Mahan puts Ryder Cup meltdown behind him

Hunter Mahan watches his pitch shot on the 17th hole of his Ryder Cup singles match against Graeme McDowell.

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Hunter Mahan can't hold back the emotion as he speaks to the media following the U.S. defeat at the Ryder Cup.

LAS VEGAS - Only a short time had passed since the shock had crashed down and seemingly all had put their embrace upon him.

One by one, 11 teammates told him how much they thought of him, and so did the captain and his assistants. And when finally he thought he had escaped to the quiet of another room, a couple of the wives found him and applied tearful hugs.

So many tears had fallen around him that it appeared as if River Usk were flowing through the American team room at Celtic Manor.

“Finally, I said, ‘Leave him alone. He’s heard enough,’ ” Davis Love III said. “I mean, it’s like when a family member dies. You can only hear people tell you how sorry they are for so many times.”

In other words, Love was suggesting people allow Hunter Mahan to get on with the business of being Hunter Mahan.

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That that business took Mahan to Sin City had twists to it. Usually, this town is about people down on their luck, but Mahan is at the other end of the spectrum – and shame on you for thinking otherwise.

But you say he was on the short end of a match that decided Europe’s victory in the Ryder Cup? Well, guess what? He’s over it and has been, well, since when?

“It was over with the handshake,” Mahan said of his match with Graeme McDowell. “It was done.”

At least in his mind it was, though as Mahan prepared to play in his first tournament since that Ryder Cup, he patiently stopped and talked with media folks who don’t quite share his sentiment. Thus did he prepare for the Justin Timberlake Shriners Hospitals for Children Open by rehashing the Ryder Cup, specifically that 12th and final singles match that tipped the scoreboard in Europe’s favor.

First up, he’s fine.

“No question, it was one of the great experiences a golfer can ever have,” Mahan said. “I don’t know if I’ll ever be in a position like that again. There are a lot of good things from that week. Nothing bad came out of it.”

OK, let’s massage that a bit. Some things bug him. For one, people want to compare Mahan to Bernhard Langer at Kiawah Island in 1991. Are you kidding? That’s kiwi to watermelons.

“I’ve heard that,” Mahan said, shaking his head. “No way. Bernhard was standing over a putt to win the cup. I can’t imagine that.”

Which brings us to this: Over time, people are likely to blur the complexion of that day and that final singles match. What ended as a 3-and-1 win for McDowell does not do Mahan justice.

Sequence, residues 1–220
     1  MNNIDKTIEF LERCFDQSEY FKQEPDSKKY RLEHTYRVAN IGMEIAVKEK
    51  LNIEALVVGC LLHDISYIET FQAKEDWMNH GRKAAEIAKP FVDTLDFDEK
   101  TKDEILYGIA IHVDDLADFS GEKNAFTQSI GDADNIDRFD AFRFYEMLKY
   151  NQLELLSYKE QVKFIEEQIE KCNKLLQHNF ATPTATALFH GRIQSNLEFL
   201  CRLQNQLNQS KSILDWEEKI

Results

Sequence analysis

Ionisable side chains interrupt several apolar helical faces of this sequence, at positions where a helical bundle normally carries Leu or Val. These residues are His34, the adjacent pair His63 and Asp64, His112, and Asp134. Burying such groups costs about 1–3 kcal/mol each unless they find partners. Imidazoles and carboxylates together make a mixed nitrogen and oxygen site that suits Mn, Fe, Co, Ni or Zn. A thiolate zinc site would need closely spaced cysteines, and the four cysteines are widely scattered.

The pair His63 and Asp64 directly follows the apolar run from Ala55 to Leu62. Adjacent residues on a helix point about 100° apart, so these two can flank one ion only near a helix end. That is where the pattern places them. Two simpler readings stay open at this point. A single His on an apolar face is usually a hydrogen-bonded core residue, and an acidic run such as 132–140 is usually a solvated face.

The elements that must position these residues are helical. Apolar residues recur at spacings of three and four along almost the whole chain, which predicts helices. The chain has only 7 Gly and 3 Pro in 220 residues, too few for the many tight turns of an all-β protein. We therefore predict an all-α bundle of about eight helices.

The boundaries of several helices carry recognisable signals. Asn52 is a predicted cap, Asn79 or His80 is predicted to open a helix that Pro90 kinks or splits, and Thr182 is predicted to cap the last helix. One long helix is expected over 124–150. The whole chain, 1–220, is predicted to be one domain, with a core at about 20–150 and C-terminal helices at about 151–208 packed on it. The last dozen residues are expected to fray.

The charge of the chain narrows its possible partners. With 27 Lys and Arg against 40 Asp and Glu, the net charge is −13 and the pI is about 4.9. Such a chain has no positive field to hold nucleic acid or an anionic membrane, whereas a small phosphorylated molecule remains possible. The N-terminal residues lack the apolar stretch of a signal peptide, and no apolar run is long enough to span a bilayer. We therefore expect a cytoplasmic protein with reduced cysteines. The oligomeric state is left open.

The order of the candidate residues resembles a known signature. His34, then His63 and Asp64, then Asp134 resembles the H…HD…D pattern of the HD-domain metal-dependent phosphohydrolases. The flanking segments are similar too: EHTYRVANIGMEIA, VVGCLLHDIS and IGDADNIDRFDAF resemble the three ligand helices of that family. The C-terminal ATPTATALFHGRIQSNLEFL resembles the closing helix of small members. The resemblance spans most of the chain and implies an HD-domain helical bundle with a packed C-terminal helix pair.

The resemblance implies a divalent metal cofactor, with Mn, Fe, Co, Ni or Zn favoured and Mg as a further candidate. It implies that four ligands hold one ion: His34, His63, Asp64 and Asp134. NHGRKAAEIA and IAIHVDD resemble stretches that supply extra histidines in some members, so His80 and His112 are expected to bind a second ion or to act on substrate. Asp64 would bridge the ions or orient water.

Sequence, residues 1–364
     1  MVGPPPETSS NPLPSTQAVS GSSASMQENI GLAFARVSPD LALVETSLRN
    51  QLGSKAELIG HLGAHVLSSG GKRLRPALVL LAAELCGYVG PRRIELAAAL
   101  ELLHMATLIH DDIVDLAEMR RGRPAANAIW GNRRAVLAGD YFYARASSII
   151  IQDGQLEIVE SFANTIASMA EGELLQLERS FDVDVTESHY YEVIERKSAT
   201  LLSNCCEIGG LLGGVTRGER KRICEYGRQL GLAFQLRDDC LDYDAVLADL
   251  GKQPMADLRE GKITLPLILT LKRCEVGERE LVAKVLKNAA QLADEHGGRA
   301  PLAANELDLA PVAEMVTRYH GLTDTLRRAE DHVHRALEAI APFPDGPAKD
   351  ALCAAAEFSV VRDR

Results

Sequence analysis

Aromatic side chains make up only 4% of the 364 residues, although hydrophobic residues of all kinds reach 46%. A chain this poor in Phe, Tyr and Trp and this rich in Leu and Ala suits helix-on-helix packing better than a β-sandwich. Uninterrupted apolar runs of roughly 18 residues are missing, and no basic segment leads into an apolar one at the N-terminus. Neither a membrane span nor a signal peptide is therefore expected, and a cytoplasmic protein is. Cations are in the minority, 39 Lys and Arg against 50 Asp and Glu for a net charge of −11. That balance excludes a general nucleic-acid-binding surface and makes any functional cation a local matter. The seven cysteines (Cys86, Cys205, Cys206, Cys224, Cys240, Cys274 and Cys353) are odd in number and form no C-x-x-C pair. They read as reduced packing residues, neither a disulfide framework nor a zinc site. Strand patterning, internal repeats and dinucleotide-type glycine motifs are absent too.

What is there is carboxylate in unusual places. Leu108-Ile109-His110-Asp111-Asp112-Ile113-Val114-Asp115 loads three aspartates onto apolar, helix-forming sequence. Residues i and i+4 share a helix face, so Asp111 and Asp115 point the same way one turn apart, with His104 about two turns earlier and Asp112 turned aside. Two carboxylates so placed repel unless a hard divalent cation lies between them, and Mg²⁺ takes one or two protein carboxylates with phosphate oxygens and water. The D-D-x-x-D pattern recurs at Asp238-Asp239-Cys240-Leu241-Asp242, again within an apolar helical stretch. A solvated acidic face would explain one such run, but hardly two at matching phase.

“He played great,’’ said Mahan’s caddie, John Wood. “He just couldn’t get a putt to drop. If we played it again and you tell me he’s going to play like that, I’d take it and like our chances.”

After 14 consecutive pars, Mahan was 2 down. Then, his first birdie. One down.

“I’ll never forget the scene on 16, just looking down at the green and seeing a flood of people,” Mahan said.

What followed is out of focus, because McDowell’s gut-check of a birdie at 16 put him 2 up, then Mahan made his only bogey of the day at the next hole to end things. “Seventeen,” he said, “is a blur to me.”

Pushed and tugged in every direction – team room, closing ceremonies, media center – Mahan barely could catch his breath, let alone check his emotions. So, when a reporter addressed Mahan, he thought he was ready. He obviously wasn’t. Words didn’t emerge. Tears did.

“I didn’t think I’d have the emotions like I did,” he said. “I wanted to answer the questions. I didn’t want to hide or anything . . . but I just couldn’t do it.”

What followed was consummate teamwork. Phil Mickelson stepped in, then Stewart Cink and Steve Stricker, until finally Jim Furyk admonished those who questioned American pride.

Ask about the match, and Mahan is fine. Ask about friends rushing to his aid, and he chokes up. “That means the most,” he said. “It will linger forever.”

Months before the Ryder Cup, Ping had enlisted Mahan to appear Oct. 9 at Karsten Creek at his alma mater, Oklahoma State. It was the annual Ping Invitational, a heralded AJGA event, and 72 players and their parents would be there, only five days after the Ryder Cup ended. It couldn’t have been easy, but it was vintage Mahan, for he never wavered.

“He spent 31⁄2 hours with the kids,” said Chance Cozby of Ping. “We had asked all the kids to list questions for Hunter, and we had a lot of questions.”

A lot of people have, and Mahan has done his best to answer all concerns.

Interestingly, he said he had wanted to go out first that singles session, and when he was slotted 12th, “I was surprised. I hadn’t played my own ball (he had played two alternate-shot matches), and I hadn’t seen the golf course as much as everyone else,” Mahan said.

But he certainly accepted the anchor position and insists he is not unhappy with how he played. He gives McDowell all the credit and concedes he is concerned that some will assign him blame.

“Hopefully, people will realize

it’s not like I choked,” Mahan said. “Graeme stepped up.”

In so many ways that are more important, so, too, did Mahan.

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